Stalingrad Quotes

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Stalingrad: The Fateful Siege, 1942–1943 Stalingrad: The Fateful Siege, 1942–1943 by Antony Beevor
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Stalingrad Quotes Showing 1-11 of 11
“This armchair strategist never possessed the qualities for true generalship, because he ignored practical problems.”
Antony Beevor, Stalingrad: The Fateful Siege: 1942-1943
“German soldiers made use of Stalingrad orphans themselves. Daily tasks, such as filling water-bottles, were dangerous when Russian snipers lay in wait for any movement. So, for the promise of a crust of bread, they would get Russian boys and girls to take their water-bottles down to the Volga’s edge to fill them. When the Soviet side realized what was happening, Red Army soldiers shot children on such missions.”
Antony Beevor, Stalingrad: The Fateful Siege: 1942-1943
“Order No. 227, more commonly known as ‘Not One Step Backwards’. Stalin made many changes, then signed it. The order was to be read to all troops in the Red Army. ‘Panic-mongers and cowards must be destroyed on the spot. The retreat mentality must be decisively eliminated. Army commanders who have allowed the voluntary abandonment of positions must be removed and sent for immediate trial by military tribunal.’ Anyone who surrendered was ‘a traitor to the Motherland’. Each army had to organize ‘three to five well-armed detachments (up to 200 men each)’ to form a second line to shoot down any soldier who tried to run away. Zhukov implemented this order on the Western Front within ten days, using tanks manned by specially selected officers. They followed the first wave of an attack, ready ‘to combat cowardice’, by opening fire on any soldiers who wavered. Three”
Antony Beevor, Stalingrad: The Fateful Siege: 1942-1943
“The army’s exact losses are still uncertain, but there was no doubt that the Stalingrad campaign represented the most catastrophic defeat hitherto experienced in German history.”
Antony Beevor, Stalingrad: The Fateful Siege: 1942-1943
“Stalin, whose bullying nature contained a strong streak of cowardice,”
Antony Beevor, Stalingrad: The Fateful Siege: 1942-1943
“That the Soviet regime was almost as unforgiving towards its own soldiers as towards the enemy is demonstrated by the total figure of 13,500 executions, both summary and judicial, during the battle of Stalingrad.”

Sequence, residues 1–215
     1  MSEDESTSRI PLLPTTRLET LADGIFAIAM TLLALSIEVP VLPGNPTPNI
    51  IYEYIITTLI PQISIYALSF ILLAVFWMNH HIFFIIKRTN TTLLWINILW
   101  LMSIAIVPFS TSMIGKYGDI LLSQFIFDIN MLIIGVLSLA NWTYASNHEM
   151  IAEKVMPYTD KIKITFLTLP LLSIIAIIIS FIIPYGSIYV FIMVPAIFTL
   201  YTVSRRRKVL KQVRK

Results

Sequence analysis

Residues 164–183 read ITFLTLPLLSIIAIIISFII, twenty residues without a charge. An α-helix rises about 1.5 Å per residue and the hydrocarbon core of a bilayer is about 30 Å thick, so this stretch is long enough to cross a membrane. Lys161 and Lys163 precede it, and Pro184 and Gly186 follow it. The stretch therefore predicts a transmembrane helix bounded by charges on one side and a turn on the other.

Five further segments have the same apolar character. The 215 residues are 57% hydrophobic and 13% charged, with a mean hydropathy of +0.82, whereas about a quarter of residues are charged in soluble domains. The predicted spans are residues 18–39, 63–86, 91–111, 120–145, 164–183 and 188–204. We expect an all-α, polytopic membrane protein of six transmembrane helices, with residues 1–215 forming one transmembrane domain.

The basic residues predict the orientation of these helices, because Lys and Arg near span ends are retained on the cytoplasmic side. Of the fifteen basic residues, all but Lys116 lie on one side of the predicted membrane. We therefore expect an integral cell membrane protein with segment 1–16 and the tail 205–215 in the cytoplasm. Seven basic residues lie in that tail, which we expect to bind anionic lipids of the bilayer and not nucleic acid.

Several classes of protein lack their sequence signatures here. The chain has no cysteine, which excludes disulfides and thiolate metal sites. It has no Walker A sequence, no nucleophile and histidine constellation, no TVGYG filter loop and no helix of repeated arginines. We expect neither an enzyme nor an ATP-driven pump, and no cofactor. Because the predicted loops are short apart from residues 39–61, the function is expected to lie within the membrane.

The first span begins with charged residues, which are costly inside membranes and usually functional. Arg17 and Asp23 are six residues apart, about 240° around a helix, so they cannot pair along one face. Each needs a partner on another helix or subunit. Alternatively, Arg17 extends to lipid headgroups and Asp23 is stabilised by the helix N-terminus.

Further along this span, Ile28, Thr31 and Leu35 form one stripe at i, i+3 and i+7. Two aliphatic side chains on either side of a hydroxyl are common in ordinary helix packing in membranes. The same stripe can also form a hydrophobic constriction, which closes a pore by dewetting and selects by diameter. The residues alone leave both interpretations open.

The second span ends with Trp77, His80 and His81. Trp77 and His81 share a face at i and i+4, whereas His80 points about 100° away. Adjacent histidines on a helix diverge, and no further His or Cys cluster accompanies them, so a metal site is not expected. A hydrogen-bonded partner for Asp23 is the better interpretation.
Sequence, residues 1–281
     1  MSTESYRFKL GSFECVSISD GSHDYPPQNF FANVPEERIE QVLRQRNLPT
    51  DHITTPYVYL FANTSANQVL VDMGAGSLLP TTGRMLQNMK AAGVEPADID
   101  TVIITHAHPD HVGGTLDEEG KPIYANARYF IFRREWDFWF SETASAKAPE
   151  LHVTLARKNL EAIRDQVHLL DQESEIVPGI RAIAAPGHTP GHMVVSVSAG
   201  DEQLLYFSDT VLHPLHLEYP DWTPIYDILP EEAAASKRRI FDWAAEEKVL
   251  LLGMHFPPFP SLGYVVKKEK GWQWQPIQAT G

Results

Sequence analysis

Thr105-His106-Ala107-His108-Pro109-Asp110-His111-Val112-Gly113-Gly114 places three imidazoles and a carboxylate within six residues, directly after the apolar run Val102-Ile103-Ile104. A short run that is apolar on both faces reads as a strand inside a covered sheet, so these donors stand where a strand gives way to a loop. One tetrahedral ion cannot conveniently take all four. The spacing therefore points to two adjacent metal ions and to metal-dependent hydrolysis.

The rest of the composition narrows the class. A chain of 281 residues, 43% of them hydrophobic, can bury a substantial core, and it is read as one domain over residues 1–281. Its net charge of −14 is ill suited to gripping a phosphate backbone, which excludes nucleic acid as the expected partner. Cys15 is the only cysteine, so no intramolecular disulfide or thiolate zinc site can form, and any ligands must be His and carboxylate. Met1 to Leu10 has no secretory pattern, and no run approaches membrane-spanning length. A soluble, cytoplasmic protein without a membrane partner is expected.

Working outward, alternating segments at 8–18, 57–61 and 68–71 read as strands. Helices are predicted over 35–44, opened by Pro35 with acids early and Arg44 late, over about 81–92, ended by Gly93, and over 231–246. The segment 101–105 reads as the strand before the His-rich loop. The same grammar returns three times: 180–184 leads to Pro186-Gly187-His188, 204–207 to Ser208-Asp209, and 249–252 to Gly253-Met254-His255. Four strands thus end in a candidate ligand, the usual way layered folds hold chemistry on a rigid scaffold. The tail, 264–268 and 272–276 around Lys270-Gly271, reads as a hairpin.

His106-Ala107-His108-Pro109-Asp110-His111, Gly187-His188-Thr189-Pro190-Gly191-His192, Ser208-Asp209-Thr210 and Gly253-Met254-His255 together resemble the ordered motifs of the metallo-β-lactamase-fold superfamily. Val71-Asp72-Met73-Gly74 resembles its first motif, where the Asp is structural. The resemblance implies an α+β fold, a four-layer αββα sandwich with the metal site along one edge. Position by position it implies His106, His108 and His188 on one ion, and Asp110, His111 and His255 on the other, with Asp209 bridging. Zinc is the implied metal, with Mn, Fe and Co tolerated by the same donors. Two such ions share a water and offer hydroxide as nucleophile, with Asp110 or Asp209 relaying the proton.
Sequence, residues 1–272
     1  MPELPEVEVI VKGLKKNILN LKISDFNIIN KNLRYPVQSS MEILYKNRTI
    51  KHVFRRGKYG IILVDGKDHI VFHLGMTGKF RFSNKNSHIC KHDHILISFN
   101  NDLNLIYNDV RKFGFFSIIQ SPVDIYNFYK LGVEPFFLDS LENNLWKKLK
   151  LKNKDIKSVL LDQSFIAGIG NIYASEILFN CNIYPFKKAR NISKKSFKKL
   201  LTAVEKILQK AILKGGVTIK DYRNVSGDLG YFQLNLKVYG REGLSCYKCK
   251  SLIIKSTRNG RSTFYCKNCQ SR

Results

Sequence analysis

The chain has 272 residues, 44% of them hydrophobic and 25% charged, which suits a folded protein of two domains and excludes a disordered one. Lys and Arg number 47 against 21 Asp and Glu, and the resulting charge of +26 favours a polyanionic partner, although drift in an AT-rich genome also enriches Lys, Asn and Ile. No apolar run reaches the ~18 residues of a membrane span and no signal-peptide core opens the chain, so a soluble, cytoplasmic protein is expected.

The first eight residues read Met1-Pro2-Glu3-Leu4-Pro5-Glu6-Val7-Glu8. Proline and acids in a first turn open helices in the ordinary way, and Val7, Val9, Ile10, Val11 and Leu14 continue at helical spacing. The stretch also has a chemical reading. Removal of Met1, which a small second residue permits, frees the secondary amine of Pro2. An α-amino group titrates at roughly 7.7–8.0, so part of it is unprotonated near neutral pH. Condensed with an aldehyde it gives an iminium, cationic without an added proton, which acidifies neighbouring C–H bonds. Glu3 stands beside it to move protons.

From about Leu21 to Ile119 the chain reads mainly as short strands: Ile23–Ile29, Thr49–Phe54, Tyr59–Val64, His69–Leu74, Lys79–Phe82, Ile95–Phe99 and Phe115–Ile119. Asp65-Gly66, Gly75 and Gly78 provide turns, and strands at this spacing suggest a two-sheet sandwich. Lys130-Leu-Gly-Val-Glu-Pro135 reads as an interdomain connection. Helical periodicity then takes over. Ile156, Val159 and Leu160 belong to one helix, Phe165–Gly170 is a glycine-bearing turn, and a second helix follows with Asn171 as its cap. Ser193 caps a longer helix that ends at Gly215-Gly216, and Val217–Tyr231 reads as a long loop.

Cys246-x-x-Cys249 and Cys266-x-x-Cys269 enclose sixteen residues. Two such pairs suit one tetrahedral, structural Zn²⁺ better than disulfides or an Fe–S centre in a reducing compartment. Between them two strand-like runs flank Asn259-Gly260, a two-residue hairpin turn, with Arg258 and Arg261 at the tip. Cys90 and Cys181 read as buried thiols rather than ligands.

Antony Beevor, Stalingrad: The Fateful Siege: 1942-1943
“These ‘mine-dogs’, trained on Pavlovian principles, had been taught to run under large vehicles to obtain their food. The stick, catching against the underside, would detonate the charge. Most of the dogs were shot before they reached their target, but this macabre tactic had an unnerving effect. It”
Antony Beevor, Stalingrad: The Fateful Siege: 1942-1943
“The military authorities were concerned that soldiers going home on leave would demoralize the home population with horror stories of the Ostfront. ‘You are under military law,’ ran the forceful reminder, ‘and you are still subject to punishment. Don’t speak about weapons, tactics or losses. Don’t speak about bad rations or injustice. The intelligence service of the enemy is ready to exploit it.’
One soldier, or more likely a group, produced their own version of instructions, entitled ‘Notes for Those Going on Leave.’ Their attempt to be funny reveals a great deal about the brutalizing affects of the Ostfront. ‘You must remember that you are entering a National Socialist country whose living conditions are very different to those to which you have been accustomed. You must be tactful with the inhabitants, adapting to their customs and refrain from the habits which you have come to love so much. Food: Do not rip up the parquet or other kinds of floor, because potatoes are kept in a different place. Curfew: If you forget your key, try to open the door with the round-shaped object. Only in cases of extreme urgency use a grenade. Defense Against Partisans: It is not necessary to ask civilians the password and open fire upon receiving an unsatisfactory answer. Defense Against Animals: Dogs with mines attached to them are a special feature of the Soviet Union. German dogs in the worst cases bite, but they do not explode. Shooting every dog you see, although recommended in the Soviet Union, might create a bad impression. Relations with the Civil Population: In Germany just because someone is wearing women’s clothes does not necessarily mean that she is a partisan. But in spite of this, they are dangerous for anyone on leave from the front. General: When on leave back to the Fatherland take care not to talk about the paradise existence in the Soviet Union in case everybody wants to come here and spoil our idyllic comfort.”
Antony Beevor, Stalingrad: The Fateful Siege, 1942–1943
“Red Army cavalry divisions also ranged far into the rear, mounted on resilient little Cossack ponies. Squadrons and entire regiments would suddenly appear fifteen miles behind the front, charging artillery batteries or supply depots with drawn sabres and terrifying war-cries. The”
Antony Beevor, Stalingrad: The Fateful Siege: 1942-1943
“The biggest mistake made by German commanders was to have underestimated ‘Ivan’, the ordinary Red Army soldier. They quickly found that surrounded or outnumbered Soviet soldiers went on fighting when their counterparts from western armies would have surrendered.”
Antony Beevor, Stalingrad: The Fateful Siege: 1942-1943
“Its first major task had been the liquidation of over 4,000 Polish officers in the forest at Katyn.”
Antony Beevor, Stalingrad: The Fateful Siege: 1942-1943